2021 Dodge Durango SRT Hellcat: A 710-HP SUV That Tops Out at 180 MPH

It can also tow 8,700 pounds, but probably not at a buck eighty.

byCaleb Jacobs|
Dodge News photo


We've known, or at least assumed, it was coming for the better part of two years—the Dodge Durango SRT Hellcat. Given the Jeep Grand Cherokee Trackhawk's place in the world, it was only a matter of time before Fiat-Chrysler stuffed its supercharged 6.2-liter V8 under the three-row SUV's massive hood. Now it's finally here with a glorious 710 horsepower, 3.5-second zero to 60, and brakes strong enough to stop a freight train in its tracks.

Much like the other Hellcats in SRT's ever-expanding lineup, the top-tier Durango variant is the most powerful vehicle of its kind. Its 2.4-liter supercharger cranks output up to supercar levels, with a mountainous 645 pound-feet of torque to complement that ridiculous horsepower figure. Twist is sent to all four wheels via a TorqueFlight eight-speed automatic, which shifts quick enough to help manage an NHRA-certified quarter-mile time of 11.5 seconds.

It wouldn't be a true muscle machine without a gnarly exhaust, and that's why they've installed a 260-millimeter X-pipe—the largest on any SRT vehicle.


Stopping this high-speed heavy-hauler are six-piston, two-piece Brembo brakes on the front and four-piston Brembos at the rear. The Durango has always been an impressive handler thanks to its 50/50 weight distribution and now, it'll have the brakes to match. You won't even have to tick an options box to get this equipment as it comes standard on the fastest Durango ever.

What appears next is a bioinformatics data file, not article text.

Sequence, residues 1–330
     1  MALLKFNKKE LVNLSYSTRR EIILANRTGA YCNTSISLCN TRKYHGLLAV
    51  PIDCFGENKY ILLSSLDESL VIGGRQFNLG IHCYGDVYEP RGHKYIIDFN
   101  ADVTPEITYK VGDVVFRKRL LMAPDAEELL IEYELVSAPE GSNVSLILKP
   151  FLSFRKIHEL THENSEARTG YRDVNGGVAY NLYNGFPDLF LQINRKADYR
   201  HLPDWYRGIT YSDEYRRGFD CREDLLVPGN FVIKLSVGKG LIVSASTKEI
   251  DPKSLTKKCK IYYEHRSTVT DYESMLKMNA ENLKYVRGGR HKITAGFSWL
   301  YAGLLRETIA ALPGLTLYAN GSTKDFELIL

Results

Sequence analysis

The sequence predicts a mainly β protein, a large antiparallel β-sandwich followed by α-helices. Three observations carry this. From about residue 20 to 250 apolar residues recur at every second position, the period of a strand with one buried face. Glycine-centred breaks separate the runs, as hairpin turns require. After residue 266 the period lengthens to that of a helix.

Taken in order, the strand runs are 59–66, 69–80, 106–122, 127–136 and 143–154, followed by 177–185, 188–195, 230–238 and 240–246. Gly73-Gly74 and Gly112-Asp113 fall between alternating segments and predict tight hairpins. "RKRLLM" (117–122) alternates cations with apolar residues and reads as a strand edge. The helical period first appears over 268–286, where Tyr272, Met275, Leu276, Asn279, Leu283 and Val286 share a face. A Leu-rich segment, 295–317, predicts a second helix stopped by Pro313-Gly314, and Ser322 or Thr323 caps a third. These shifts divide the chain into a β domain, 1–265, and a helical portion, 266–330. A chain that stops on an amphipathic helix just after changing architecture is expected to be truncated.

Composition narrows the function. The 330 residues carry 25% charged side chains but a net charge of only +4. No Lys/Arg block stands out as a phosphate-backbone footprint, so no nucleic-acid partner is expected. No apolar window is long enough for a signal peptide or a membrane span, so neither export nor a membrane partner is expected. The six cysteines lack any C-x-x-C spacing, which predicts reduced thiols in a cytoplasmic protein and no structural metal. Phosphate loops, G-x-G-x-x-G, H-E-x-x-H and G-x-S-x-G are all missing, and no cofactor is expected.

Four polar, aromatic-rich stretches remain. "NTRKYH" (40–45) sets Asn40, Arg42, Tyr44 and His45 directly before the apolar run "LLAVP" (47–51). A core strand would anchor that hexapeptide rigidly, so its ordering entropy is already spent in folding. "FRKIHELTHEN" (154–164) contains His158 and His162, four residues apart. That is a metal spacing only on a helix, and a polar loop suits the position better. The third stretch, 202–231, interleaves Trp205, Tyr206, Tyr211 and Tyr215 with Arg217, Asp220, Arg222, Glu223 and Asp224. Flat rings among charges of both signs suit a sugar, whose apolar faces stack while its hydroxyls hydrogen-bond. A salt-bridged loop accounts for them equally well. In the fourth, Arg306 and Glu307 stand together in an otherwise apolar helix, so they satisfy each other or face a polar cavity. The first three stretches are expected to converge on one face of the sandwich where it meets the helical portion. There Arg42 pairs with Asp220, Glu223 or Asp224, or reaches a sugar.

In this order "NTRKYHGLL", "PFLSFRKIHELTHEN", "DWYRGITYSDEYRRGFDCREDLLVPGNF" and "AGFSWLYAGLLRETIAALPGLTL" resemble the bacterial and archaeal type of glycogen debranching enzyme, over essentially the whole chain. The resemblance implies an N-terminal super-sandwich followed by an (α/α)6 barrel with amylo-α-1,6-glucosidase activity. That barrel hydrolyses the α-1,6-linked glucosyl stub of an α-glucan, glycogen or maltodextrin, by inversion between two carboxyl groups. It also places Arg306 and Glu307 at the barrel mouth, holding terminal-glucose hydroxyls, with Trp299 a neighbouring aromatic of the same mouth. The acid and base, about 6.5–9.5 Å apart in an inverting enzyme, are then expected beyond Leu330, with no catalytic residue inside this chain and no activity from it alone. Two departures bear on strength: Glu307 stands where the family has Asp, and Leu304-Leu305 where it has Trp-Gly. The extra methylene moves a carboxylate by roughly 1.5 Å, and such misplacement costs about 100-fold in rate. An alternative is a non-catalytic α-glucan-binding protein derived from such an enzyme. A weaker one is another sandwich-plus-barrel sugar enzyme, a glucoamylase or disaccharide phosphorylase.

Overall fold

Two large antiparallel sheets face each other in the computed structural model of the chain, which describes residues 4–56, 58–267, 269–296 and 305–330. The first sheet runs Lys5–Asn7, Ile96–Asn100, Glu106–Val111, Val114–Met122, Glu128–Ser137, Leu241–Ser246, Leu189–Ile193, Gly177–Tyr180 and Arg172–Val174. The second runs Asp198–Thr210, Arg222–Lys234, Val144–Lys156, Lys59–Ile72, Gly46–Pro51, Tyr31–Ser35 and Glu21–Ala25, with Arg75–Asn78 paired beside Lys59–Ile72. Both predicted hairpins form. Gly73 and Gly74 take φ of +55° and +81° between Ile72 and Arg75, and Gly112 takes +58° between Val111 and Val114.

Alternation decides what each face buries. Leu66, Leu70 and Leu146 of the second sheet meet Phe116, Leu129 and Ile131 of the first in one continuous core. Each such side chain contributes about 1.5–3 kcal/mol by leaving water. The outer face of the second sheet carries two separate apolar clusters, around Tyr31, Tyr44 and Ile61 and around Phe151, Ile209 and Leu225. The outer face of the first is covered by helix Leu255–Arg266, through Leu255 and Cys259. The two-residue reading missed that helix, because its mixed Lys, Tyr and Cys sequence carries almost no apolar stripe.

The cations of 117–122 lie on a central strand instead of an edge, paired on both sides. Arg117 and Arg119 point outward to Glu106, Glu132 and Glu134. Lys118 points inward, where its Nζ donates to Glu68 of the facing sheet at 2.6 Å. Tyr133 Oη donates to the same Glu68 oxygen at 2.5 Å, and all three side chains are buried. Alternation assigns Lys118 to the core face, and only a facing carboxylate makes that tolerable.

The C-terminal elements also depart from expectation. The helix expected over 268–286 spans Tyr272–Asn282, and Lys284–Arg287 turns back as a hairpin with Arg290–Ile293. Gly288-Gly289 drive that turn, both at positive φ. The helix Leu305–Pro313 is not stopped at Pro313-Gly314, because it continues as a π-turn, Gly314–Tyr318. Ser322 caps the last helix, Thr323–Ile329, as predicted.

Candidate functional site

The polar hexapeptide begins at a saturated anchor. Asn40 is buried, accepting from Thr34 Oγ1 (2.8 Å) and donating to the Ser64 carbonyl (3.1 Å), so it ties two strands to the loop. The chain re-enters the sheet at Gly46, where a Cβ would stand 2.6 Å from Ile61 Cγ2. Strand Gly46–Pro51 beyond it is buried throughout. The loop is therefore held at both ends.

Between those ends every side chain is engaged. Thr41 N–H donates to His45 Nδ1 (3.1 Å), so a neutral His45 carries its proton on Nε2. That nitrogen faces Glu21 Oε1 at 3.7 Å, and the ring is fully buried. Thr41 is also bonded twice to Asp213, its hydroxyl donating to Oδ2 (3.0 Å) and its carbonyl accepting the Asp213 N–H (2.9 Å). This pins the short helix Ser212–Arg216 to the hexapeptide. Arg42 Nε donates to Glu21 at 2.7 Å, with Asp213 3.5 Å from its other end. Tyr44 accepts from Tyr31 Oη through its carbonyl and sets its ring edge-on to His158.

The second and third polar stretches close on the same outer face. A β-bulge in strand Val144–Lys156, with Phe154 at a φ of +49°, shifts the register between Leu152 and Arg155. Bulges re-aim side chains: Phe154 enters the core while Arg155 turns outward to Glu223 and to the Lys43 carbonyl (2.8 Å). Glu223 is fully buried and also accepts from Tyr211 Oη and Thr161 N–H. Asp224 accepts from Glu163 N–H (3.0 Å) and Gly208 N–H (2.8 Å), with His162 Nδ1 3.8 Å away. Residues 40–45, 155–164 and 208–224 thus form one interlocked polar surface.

The Durango SRT Hellcat is perhaps the only SUV with official aerodynamic specs being measured at 180 miles per hour—a number usually reserved for cars that seat two or weigh half as much. Per SRT, it’s an increase of over 400 percent versus the standard Durango, totaling 140 pounds at 180 mph.

Not to worry, because this SUV can still tow an impressive 8,700 pounds. Not too shabby for a rig that has more than enough seats for the average American family.


Exterior design elements clearly prove to passersby that the Durango SRT Hellcat is more than a run-of-the-mill people-hauler. Its front-end was purposely designed to look like a pouncing big cat while also incorporating the lines of its Charger Hellcat Widebody sibling. LED high and low headlamps look even more menacing at nighttime, while LED daytime running lights, a functional splitter and rear spoiler are obvious cues when the sun's out.


Premium materials make up the interior wardrobe, like Nappa leather with pronounced stitching throughout. It's meant to capitalize on the occasion of the 2021 model year being the only planned production run of the Durango SRT Hellcat. Even the infotainment system has been upgraded to run FCA's new Uconnect 5, an OS that allows you to fiddle with the air conditioning as well as the driving mode from the available 10.1-inch touchscreen mounted on the center stack.

Connected tech enables over-the-air firmware updates and provides a 4G LTE Wi-Fi hotspot for you and yours to use on the go. Second-row passengers can also enjoy the available dual 9-inch screens, one on each front seatback, that boast Blu-ray video capability.


These are just the intangibles on an SUV that's meant to be the most ridiculous on the market. It delivers Lamborghini Urus-beating power while costing a fraction of the Italian, even though we don't know the exact price yet, but it'll surely undercut the Raging Bull's $207,306 entry fee. More will be revealed as the Durango SRT Hellcat nears production toward the end of this year.

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